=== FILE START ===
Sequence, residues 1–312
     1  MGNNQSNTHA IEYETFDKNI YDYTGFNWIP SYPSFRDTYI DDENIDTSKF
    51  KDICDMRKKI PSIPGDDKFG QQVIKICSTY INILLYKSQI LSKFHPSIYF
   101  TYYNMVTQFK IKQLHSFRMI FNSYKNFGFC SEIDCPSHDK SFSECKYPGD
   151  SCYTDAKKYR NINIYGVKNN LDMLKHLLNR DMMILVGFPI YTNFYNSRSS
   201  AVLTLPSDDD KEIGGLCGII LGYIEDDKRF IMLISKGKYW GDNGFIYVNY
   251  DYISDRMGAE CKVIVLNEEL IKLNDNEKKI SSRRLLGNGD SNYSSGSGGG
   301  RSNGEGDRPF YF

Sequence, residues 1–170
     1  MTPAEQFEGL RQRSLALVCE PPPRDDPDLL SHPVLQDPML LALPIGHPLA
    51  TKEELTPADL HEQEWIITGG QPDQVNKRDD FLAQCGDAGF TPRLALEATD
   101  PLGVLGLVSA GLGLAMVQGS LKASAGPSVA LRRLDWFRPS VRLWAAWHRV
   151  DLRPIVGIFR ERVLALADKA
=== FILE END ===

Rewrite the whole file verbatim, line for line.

Sequence, residues 1–312
     1  MGNNQSNTHA IEYETFDKNI YDYTGFNWIP SYPSFRDTYI DDENIDTSKF
    51  KDICDMRKKI PSIPGDDKFG QQVIKICSTY INILLYKSQI LSKFHPSIYF
   101  TYYNMVTQFK IKQLHSFRMI FNSYKNFGFC SEIDCPSHDK SFSECKYPGD
   151  SCYTDAKKYR NINIYGVKNN LDMLKHLLNR DMMILVGFPI YTNFYNSRSS
   201  AVLTLPSDDD KEIGGLCGII LGYIEDDKRF IMLISKGKYW GDNGFIYVNY
   251  DYISDRMGAE CKVIVLNEEL IKLNDNEKKI SSRRLLGNGD SNYSSGSGGG
   301  RSNGEGDRPF YF

Sequence, residues 1–170
     1  MTPAEQFEGL RQRSLALVCE PPPRDDPDLL SHPVLQDPML LALPIGHPLA
    51  TKEELTPADL HEQEWIITGG QPDQVNKRDD FLAQCGDAGF TPRLALEATD
   101  PLGVLGLVSA GLGLAMVQGS LKASAGPSVA LRRLDWFRPS VRLWAAWHRV
   151  DLRPIVGIFR ERVLALADKA